Medical Xpress (06.06.2013)
Aids Weekly Plus
Researchers in Germany have concluded that low levels of vitamin D are associated with high levels of hepatitis B virus (HBV) in the blood. Between January 2009 and December 2010, Dr. Christian Lange of Johann Wolfgang Goethe University Hospital in Frankfurt, Germany, and colleagues recruited 203 patients with chronic HBV who had never been treated for the disease. The researchers excluded patients with HIV, hepatitis C, or hepatitis D coinfection, excessive alcohol use, liver cancer, or other malignancies.
The researchers measured levels of 25-hydroxyvitamin D in each patient. Results indicated that 34 percent had severe vitamin D deficiency, 47 percent had vitamin D insufficiency, and 19 percent had normal levels of vitamin D. Researchers discovered that the concentration of HBV in the blood (viral load) corresponded to vitamin levels; a high concentration of HBV was a strong indicator of low vitamin D levels. Researchers also determined that patients with hepatitis B antigen had lower vitamin D levels than patients who tested negative for the antigen. Inverse seasonal fluctuations in vitamin D and HBV levels suggested a link between the two.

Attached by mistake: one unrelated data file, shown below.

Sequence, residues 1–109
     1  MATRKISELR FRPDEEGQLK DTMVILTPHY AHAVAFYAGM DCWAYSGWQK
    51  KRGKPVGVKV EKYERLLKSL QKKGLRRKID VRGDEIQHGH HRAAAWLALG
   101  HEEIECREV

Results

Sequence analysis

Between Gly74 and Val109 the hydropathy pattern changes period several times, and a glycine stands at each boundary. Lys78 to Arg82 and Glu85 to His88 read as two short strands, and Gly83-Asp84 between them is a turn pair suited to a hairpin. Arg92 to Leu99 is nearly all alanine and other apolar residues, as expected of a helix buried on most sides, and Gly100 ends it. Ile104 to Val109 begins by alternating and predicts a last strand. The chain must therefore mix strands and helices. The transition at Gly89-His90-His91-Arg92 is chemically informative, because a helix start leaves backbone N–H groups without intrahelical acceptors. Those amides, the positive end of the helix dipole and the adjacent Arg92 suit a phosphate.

Lange concluded that the data confirm an association between low vitamin D levels and high HBV concentration in the blood. The researchers suggested further study of vitamin D as a therapeutic intervention for controlling HBV.
The full report, “Low Vitamin D Serum Concentration is Associated with High Levels of Hepatitis B Virus (HBV) Replication in Chronically Infected Patients,” was published online in the journal Hepatology (2013; doi: 10, 1002/hep.26488).